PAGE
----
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Bluebreast

BLUEBREAST DARTER

SCIENTIFIC NAME: Etheostoma camurum

CHARACTERISTICS: The bluebreast darter is distinguishable by a compressed body, deep caudal peduncle, and horizontal banding along the posterior two-thirds of the body. The snout is wide and rounded, while the lips are thick with a wide frenum on the upper lip. Gill membranes are separate to slightly connected. On the back are seven to 10 obscure saddles, and adult males have eight to 12 obscure but vertically elongated lateral spots along the sides. The body is olive green speckled with red or brown spots on the sides. On breeding adults the breast is green to bluish green, while the spiny dorsal fin is reddish gray with dark pigment anteriorly near the base. Etheostoma camurum is similar to the redline darter, E. rufilineatum, which has cheeks and gill covers marked with horizontal dashes, and to the boulder darter, E. wapiti, which is generally larger, lacks blue color on the breast, and has a more pointed snout. See Cope (1870b) for original description.

ADULT SIZE: 1.4 to 2.2 in (35 to 55 mm)

DISTRIBUTION: Etnier and Starnes (1993) report a population of bluebreast darters in the Elk River system just north of the Alabama-Tennessee state line. Chances of the species occurring in Alabama appeared to the dim until 1993 when we discovered a fairly substantial population in the Elk River proper, approximately half a mile south of the state line. The same collection produced another fish species not previously known from Alabama, the mountain madtom, Noturus eleutherus.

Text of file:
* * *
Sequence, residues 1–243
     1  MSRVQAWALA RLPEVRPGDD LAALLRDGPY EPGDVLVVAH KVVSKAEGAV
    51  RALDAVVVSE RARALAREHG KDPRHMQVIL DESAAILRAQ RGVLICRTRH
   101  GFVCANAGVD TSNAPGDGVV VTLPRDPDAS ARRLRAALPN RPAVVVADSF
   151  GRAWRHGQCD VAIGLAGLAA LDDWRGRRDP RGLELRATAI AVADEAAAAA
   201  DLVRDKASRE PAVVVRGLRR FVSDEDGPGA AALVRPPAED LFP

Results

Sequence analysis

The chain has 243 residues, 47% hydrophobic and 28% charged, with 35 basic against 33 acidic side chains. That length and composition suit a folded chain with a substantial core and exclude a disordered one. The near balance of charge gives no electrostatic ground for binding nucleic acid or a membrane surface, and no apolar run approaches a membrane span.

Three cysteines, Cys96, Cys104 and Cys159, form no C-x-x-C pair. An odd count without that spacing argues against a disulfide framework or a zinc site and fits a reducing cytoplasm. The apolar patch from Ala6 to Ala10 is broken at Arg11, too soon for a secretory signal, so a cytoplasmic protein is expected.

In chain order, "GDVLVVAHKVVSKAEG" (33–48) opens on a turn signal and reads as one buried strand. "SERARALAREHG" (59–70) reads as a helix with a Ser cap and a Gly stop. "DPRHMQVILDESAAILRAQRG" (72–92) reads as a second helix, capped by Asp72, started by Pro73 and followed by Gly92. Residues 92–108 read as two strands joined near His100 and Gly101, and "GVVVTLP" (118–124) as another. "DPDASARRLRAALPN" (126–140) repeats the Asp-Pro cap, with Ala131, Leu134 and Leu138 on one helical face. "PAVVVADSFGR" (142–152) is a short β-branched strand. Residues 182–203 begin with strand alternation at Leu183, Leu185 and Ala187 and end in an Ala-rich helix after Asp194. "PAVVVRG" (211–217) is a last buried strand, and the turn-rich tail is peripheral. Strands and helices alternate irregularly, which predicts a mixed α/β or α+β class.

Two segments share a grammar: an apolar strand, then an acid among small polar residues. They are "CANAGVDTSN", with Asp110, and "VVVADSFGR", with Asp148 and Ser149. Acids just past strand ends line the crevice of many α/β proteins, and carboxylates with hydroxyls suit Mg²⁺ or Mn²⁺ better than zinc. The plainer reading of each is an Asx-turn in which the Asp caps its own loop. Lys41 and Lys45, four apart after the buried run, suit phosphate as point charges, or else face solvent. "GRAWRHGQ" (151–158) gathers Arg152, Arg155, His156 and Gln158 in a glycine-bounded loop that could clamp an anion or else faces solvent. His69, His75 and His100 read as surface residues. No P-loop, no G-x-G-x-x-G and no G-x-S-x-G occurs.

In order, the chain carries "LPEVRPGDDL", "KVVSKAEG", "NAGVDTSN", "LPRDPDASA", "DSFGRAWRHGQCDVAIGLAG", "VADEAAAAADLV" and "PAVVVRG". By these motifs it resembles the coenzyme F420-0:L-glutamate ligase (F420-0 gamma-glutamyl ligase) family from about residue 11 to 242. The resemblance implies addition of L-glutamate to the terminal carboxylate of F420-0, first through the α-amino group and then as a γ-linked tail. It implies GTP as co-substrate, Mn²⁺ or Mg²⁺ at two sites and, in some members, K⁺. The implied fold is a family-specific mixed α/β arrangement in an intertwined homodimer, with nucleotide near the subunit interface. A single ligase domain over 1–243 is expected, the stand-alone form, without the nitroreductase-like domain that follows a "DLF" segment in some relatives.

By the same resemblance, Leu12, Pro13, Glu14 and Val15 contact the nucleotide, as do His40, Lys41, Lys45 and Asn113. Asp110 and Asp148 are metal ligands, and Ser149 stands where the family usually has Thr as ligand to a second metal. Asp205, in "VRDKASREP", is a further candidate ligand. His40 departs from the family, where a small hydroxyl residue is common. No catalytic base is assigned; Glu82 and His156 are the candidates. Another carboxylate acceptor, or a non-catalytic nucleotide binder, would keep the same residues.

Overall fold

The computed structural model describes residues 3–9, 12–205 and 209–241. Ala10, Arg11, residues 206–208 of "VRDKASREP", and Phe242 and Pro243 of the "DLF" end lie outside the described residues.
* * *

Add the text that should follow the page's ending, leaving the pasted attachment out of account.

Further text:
HABITAT AND BIOLOGY: We collected bluebreast darters around large boulders and over cobble in swift riffles and chutes. In addition, we collected and released substantial numbers of the redline darter and four individuals of the boulder darter. Spawning occurs from mid-May to mid-June; eggs are deposited in gravel and sand near large boulders (Mount, 1959). Stiles (1972) reports that areas behind boulders offer protected habitats for spawning adults. Midge larvae, baetid mayflies, blackflies, and caddisflies are primary food items (Bryant, 1979). Future sampling in the Elk River and other large streams near the Tennessee state line may yield additional localities for the bluebreast darter in Alabama.

ORIGINAL DESCRIPTION: Cope described the bluebreast darter in 1870.

ETYMOLOGY:
Etheostoma means strain mouth, possibly referring to the small mouth.
Camurum means blunt-headed.

The copyrighted information above is from Fishes of Alabama and the Mobile Basin.

Note: In Alabama, it is illegal to stock or move any fish, mussel, snail or crayfish to any public water without a permit.


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